President Cyril Ramaphosa says that he has given the economic cluster ministers two weeks to come up with a plan to deal with the rising cost of living for ordinary South Africans, particularly the staggering cost of petrol.

While he raised concerns about the high oil price and its effect on the cost of fuel with oil-rich Saudi Arabia, Ramaphosa stopped short of making any promises.

Ramaphosa’s headache since taking office has been the increasing cost of living for ordinary South Africans exacerbated by an increase in VAT and the price of fuel.

He says he has asked the economic cluster ministers, who make up of two-thirds of Cabinet, to come up with ideas.

Ramaphosa has ruled out the possibility of decreasing any taxes because of its impact on the budget.

“With time we’ll be able to see how best our currency’s strength is.”

While Ramaphosa raised concerns with Saudi Arabia on Thursday over the high cost of oil, he says that the kingdom is an oil driven economy and the only hope is for them to produce more oil in an effort to stabilise prices.

Fresh from securing a commitment of US$20 billion from the Gulf, Ramaphosa said that he is not “playing around” in his efforts to secure more investment.

In an interview in Abu Dhabi following a three country visit, Ramaphosa said he was serious about driving economic growth.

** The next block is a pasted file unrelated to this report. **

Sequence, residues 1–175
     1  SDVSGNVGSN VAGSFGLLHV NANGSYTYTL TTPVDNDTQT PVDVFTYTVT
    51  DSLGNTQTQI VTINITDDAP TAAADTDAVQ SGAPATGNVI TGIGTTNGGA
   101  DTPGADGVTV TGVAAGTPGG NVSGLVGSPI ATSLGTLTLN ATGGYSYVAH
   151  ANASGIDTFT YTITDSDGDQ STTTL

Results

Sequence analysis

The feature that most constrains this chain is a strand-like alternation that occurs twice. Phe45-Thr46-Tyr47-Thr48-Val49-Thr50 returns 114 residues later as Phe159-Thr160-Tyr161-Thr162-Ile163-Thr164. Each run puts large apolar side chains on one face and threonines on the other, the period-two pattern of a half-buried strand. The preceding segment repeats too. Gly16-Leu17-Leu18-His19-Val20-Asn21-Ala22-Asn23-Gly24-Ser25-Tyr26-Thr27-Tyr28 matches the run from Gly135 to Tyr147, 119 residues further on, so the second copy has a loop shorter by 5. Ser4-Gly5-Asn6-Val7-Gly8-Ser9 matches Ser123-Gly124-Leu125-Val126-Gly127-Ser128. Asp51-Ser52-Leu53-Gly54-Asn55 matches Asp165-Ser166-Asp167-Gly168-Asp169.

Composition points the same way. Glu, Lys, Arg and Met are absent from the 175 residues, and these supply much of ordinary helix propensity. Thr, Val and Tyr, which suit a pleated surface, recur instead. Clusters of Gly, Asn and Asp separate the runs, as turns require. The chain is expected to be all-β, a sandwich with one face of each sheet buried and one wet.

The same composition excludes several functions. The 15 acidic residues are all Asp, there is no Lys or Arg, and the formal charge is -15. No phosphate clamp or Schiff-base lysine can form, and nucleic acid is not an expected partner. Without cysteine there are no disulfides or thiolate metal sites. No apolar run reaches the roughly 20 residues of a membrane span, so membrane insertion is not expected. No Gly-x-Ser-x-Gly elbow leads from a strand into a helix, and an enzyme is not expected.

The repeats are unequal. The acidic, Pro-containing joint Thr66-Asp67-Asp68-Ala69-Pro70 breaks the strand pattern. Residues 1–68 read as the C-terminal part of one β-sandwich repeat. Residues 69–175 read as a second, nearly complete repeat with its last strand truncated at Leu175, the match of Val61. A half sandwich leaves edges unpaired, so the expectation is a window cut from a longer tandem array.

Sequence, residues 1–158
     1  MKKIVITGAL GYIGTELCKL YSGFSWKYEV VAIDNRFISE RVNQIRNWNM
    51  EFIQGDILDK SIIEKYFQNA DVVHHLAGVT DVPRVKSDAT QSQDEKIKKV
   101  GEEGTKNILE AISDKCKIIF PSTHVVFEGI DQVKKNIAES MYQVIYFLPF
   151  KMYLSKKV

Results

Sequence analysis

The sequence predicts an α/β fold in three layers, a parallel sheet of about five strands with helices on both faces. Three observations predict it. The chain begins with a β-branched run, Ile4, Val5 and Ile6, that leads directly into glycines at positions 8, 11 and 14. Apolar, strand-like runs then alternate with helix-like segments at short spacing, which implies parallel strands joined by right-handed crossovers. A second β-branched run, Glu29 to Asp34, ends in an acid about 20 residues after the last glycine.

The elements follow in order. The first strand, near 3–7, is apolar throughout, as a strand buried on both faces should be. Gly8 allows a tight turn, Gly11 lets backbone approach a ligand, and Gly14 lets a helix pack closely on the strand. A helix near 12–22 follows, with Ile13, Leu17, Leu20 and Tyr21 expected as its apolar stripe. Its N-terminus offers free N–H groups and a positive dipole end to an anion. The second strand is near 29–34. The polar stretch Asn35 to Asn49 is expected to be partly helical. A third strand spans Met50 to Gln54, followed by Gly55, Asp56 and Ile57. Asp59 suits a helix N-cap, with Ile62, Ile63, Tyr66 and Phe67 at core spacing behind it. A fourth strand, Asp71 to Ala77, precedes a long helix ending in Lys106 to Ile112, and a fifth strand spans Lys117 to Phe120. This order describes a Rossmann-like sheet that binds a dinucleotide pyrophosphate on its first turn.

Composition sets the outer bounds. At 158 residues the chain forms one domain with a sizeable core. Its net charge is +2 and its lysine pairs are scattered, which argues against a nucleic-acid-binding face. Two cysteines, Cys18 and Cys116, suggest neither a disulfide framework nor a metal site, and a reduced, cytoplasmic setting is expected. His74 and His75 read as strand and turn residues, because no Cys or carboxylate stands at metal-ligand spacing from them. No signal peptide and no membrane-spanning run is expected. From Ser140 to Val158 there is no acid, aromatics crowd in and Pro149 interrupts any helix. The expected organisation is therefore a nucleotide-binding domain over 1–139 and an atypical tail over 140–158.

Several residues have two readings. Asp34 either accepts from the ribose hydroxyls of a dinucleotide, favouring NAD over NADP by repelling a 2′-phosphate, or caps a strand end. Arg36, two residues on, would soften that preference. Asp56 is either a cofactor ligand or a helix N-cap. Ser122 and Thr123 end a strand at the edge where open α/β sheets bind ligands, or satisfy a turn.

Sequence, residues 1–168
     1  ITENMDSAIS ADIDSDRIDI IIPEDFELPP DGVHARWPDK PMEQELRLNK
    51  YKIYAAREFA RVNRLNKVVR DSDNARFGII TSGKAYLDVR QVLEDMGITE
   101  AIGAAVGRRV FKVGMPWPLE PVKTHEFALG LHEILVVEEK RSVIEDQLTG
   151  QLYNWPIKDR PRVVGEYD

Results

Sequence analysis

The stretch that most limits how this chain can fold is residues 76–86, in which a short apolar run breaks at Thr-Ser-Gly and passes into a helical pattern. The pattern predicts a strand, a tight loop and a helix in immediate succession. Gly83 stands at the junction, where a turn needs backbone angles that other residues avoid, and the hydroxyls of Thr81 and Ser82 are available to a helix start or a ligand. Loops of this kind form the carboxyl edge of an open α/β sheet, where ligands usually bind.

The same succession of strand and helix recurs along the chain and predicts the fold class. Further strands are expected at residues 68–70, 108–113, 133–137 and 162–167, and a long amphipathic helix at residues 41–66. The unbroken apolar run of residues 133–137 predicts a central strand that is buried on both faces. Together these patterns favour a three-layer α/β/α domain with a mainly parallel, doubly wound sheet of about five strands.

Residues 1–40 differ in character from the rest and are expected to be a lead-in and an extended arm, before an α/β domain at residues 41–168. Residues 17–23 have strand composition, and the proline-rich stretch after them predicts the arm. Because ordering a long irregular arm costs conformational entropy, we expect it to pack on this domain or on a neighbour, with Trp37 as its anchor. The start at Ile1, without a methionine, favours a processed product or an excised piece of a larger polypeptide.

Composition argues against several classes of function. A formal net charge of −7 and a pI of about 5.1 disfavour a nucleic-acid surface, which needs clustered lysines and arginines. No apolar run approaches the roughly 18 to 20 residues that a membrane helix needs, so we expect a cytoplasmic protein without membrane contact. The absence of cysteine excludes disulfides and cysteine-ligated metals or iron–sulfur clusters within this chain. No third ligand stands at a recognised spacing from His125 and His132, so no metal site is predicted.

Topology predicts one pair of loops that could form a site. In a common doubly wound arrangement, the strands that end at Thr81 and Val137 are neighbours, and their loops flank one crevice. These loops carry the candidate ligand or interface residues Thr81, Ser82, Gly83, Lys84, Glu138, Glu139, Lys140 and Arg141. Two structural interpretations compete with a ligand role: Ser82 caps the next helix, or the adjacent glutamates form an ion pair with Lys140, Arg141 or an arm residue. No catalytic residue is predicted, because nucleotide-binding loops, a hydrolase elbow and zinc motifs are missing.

Both Saudi Arabia and the United Arab Emirates committed to investing US$10 billion each in South Africa following Ramaphosa’s high level talks in both countries.

Ramaphosa said that economic growth through investment in the private sector is what will grow South Africa’s economy.

He said he is serious about turning around the country’s economic woes.

“We are in this not to play around… this is serious, this is about the growth of our economy.”

In the past, investment promises were not achieved but Ramaphosa says that he will work hard in ensuring these commitments are honoured.

“We are going to drive it from our office, to make sure that this does become a relaity and is not just words.”

Both Saudi Arabia and the UAE have expressed optimism to invest in South Africa, with both countries saying South Africa is yet to achieve its true potential.